Did you hear that? Shhh… listen carefully. Your weeds are trying to tell you something. The types of weeds popping up will tell you the overall condition of the soil in your garden. They can signal compacted soils, pH imbalance and, in some cases, balanced soil.
The types of weeds popping up will tell you the overall condition of the soil in your garden. They can signal compacted soils, pH imbalance and, in some cases, balanced soil.
Let’s take a look at some of the most common weeds found in our area and what they indicate.
In a word, crabgrass means your soil is low in calcium. The good news is it’s an easy fix. If you prefer organic methods, the obvious choice is to add egg shells. A not-so-obvious soil amendment is ground-up raspberry leaves. Raspberry leaves are loaded with organic matter. Another option is compost plus seaweed.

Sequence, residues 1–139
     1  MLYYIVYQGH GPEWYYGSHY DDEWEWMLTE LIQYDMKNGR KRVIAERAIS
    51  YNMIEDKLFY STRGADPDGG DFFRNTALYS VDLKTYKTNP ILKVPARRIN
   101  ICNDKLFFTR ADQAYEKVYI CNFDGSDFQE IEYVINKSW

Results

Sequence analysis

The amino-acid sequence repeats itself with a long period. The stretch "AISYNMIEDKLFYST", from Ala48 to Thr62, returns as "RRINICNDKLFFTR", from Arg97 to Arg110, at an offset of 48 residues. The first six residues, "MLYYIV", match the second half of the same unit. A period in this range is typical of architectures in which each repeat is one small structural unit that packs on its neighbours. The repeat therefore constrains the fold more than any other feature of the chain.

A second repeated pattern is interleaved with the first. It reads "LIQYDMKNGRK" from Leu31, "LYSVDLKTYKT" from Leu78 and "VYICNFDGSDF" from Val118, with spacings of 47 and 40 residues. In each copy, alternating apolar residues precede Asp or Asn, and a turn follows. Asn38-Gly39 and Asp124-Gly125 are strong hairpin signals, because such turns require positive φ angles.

The upside to chickweed is its shallow root system so you can just pull it out. But beware, the reason it’s so invasive is one little piece left behind can sprout another plant. The presence of chickweed indicates a lack of potassium and manganese in your soil. Both of these are released into the soil as this plant decomposes, and that’s a good thing. Additionally, this plant is edible and loaded with vitamins c and b. So after you remove it from your garden, toss it into a salad! All kidding aside, this weed also boosts your compost pile with manganese and potassium.
Henbit or lamb’s quarter
Indicates rich soil, while reindeer dandelions and stinging nettle mean soil pH is below 7.0. Mugwort and wild carrot (this year in particular) signify worn out soils. You do have several choices to remedy worn out soil. Opt for salvias, coreopsis, or santolina asclepias.
Most weeds arrive with spring and the seeds are airborne. You can avoid some of them by simply holding off on watering in early spring.
Still, if you have a garden, at some point you can expect to have some weeds. And when they do show up, pay attention — those weeds are talking to you.